By South Asia Press Team
It has been a week since Karima Baloch, an exiled Pakistani human rights and political activist, was found dead in Toronto. Known for her political resistance against militarisation, enforced disappearances and extra-judicial killing, she had fled from Balochistan in 2015 when the Pakistani government accused her of terrorism. Unyielding in calling to attention the serious human rights violations in Balochistan, Baloch continued to receive threats in exile.
On December 23, the Toronto police termed the death of Karima Baloch as “non-criminal”. But her death demands a more thorough investigation. Even in exile, Pakistanis face threats to their life. Threats that may have been carried out after Baloch was last seen on December 20.
Hammal Haidar, the husband of Karima Baloch and her brother Sameer Mehrab have rejected these police findings and are calling for further police investigations. Along with them, more than a thousand concerned citizens including prominent Pakistani parliamentarians, and activists, academics and intellectuals from around the world have also come together under a “Justice for Karima Baloch collective“, and have endorsed a joint statement calling for the Canadian police to resume their investigations. Another online petition has also gathered over 3000 signatures asking for the Canadian authorities to look into her death, and not close the investigations.
Karima Baloch’s death needs further inquiry. My wife was an immensely courageous and spirited person. Her work as an internationally prominent activist speaks for itself. 1/1
— Hammal Haidar (@HammalHaidar) December 23, 2020
This is not the first time a Baloch activist has been found dead in mysterious circumstances. In May, the body of the journalist Sajid Hussain was found drowned near the Swedish city of Uppsala, after disappearing for two months. Hussain had written about human rights violations in Balochistan before seeking asylum in Sweden in 2017 following threats to his life in Pakistan. Although circumstances were suspicious, local police stated it was difficult to tell from the autopsy if his death had been the result of a crime, an accident or a suicide.
Karima Baloch’s family has already been targeted. When she refused to stop her activism, her family received the mutilated body of her uncle; her parents’ siblings were abducted and killed in Pakistan.
Seeking to kill dissidents abroad has also been contemplated by previous Pakistani authority figures, namely General Pervez Musharraf, the former dictator. The current government’s unofficial “Kill and Dump” policy shows that hostile tendencies are already in full effect in Pakistan itself. It is probable that they are likewise envisioned beyond borders.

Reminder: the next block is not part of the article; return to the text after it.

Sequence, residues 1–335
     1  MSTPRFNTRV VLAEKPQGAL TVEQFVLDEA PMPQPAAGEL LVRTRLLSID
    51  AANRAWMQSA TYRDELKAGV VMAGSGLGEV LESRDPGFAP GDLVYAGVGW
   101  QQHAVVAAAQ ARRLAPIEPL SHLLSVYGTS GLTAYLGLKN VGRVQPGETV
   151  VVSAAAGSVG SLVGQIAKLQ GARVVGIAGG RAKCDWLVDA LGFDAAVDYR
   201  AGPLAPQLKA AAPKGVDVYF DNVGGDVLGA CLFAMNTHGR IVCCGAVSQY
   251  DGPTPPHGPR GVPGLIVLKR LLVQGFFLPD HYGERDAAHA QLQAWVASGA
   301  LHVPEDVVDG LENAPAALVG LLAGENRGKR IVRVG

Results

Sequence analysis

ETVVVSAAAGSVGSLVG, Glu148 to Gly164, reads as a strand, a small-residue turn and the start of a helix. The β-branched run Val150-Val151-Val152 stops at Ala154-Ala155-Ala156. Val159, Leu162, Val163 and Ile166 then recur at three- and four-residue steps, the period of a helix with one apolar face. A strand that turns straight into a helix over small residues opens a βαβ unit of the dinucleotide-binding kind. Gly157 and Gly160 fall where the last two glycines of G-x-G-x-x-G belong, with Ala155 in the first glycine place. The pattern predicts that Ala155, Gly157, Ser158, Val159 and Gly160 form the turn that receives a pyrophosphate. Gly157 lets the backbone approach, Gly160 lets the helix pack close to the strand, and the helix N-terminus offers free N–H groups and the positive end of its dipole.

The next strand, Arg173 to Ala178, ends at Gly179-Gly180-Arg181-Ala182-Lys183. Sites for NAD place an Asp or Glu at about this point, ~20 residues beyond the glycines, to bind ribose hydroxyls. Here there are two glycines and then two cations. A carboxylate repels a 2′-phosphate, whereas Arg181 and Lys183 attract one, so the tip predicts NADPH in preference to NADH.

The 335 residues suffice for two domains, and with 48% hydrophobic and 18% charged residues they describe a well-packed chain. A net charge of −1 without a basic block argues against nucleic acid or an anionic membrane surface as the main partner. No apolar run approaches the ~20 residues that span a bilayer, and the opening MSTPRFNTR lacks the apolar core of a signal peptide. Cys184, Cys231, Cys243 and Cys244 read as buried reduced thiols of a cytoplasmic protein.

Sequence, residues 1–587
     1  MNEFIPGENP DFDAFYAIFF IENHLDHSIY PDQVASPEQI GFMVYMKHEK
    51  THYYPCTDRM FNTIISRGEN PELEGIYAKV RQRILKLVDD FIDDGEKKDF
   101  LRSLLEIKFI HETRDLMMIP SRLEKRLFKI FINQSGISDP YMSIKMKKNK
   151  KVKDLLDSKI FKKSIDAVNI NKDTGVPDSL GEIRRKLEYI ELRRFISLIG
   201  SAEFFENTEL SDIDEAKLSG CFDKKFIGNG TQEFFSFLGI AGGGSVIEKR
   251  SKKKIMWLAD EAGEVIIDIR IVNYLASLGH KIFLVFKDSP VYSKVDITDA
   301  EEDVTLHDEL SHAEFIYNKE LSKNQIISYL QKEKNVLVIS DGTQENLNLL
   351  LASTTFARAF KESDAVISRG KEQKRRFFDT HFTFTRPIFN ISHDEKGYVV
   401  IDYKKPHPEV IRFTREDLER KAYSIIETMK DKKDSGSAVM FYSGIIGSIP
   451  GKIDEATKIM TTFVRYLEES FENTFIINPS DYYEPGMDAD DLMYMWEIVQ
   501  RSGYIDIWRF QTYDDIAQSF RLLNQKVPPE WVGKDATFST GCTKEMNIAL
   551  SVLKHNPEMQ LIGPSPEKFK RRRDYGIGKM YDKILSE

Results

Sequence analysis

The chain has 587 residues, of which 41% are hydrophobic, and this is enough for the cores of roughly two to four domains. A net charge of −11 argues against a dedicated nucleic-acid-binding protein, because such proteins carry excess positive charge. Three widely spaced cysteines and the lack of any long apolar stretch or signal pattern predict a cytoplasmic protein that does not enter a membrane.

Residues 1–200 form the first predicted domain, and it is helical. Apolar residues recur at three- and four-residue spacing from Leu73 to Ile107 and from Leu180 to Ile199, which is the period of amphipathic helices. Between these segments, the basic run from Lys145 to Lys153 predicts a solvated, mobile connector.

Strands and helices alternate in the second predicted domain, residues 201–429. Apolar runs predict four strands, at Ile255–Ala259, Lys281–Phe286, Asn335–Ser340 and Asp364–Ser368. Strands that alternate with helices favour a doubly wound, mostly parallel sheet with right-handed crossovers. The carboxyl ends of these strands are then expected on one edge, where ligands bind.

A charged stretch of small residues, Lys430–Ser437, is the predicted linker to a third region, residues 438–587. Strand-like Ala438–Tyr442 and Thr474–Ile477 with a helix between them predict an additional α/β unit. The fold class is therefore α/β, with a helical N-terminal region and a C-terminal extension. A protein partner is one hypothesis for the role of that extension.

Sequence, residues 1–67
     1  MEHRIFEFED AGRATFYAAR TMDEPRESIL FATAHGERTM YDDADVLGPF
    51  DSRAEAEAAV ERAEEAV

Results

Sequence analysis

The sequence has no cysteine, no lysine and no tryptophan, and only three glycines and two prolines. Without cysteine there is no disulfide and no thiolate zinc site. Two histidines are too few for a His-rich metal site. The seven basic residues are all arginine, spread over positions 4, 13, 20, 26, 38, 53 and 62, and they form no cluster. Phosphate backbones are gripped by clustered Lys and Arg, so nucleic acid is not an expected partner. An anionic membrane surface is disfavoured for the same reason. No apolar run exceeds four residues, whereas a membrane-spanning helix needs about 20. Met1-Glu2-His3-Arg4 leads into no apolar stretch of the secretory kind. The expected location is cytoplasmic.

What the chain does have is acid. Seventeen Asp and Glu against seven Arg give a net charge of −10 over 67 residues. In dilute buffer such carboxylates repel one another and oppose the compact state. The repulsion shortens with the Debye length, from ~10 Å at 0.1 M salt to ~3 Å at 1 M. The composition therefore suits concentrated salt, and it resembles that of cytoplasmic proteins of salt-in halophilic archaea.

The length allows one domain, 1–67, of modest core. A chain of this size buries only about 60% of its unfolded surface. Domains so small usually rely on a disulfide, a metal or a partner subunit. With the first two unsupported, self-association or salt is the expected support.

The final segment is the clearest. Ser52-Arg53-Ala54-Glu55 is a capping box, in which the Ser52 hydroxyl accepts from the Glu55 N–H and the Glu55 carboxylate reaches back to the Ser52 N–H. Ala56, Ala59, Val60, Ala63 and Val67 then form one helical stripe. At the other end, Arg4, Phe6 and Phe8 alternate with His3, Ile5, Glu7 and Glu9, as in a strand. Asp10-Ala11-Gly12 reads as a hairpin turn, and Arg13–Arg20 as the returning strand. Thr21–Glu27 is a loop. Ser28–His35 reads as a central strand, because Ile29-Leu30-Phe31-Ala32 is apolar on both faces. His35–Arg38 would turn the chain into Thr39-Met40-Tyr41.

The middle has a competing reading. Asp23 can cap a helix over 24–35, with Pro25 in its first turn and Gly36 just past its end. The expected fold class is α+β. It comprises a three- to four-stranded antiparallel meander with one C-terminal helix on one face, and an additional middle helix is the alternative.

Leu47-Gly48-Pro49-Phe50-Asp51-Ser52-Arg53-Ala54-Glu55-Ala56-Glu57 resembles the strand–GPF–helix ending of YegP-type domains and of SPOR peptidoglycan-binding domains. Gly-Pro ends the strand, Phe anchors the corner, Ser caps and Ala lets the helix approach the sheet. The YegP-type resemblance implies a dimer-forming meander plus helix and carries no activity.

Canadian authorities should take this highly sensitive context into account and resume investigation into Karima Baloch’s death, including Pakistan embassy officials, especially Inter-Service Intelligence (ISI) agents. Investigations should not discount the possibility that she was murdered by a private person commissioned to do so, which is a common method used by intelligence agencies.
The situation in Balochistan is very volatile. Karima Baloch’s death adds to the casualties of Balochistan’s ongoing insurgency, where Pakistan state forces and various nationalist and separatist groups have engaged in armed conflict in the past decades.
Amid this explosive situation, innocent citizens pay the price. Pakistan state authorities conduct the “Kill and Dump” policy in the region. Voice for Baloch Missing Persons claims that since 2000, some 55 000 people have been kidnapped and 18 000 bodies later found. According to a recent federal government inquiry, 155 people are missing in Balochistan. Akhtar Mengal, a Pakistani lawmaker, found the findings “insulting” in an interview to the media. His party withdrew from Imran Khan’s ruling coalition this year to protest against the lack of action on disappearances.
A United Nations report from June highlights the systematic targeting of “human rights and minority defenders critical of the government and the military, as well as persons suspected or accused of involvement in the opposition,” by the State of Pakistan. Despite its natural resources, Balochistan is a poor region. Its inhabitants are marginalised from economic development. Resentment has been fuelled by billions of dollars of Chinese money flowing into the region through the China-Pakistan Economic Corridor (CPEC) – a key part of China’s Belt and Road Initiative – which locals say gave them little benefit as most new jobs went to outsiders.
Owing to these grievances, the province has seen a Baloch rebellion and insurgency for the last many decades which has intensified its attacks against Pakistani security forces and other targets in recent years. In response, the Pakistani authorities have also intensified their crackdown, not just against the separatist groups but increasingly against innocent and peaceful Baloch people, who are only raising their voice for the rights of their people.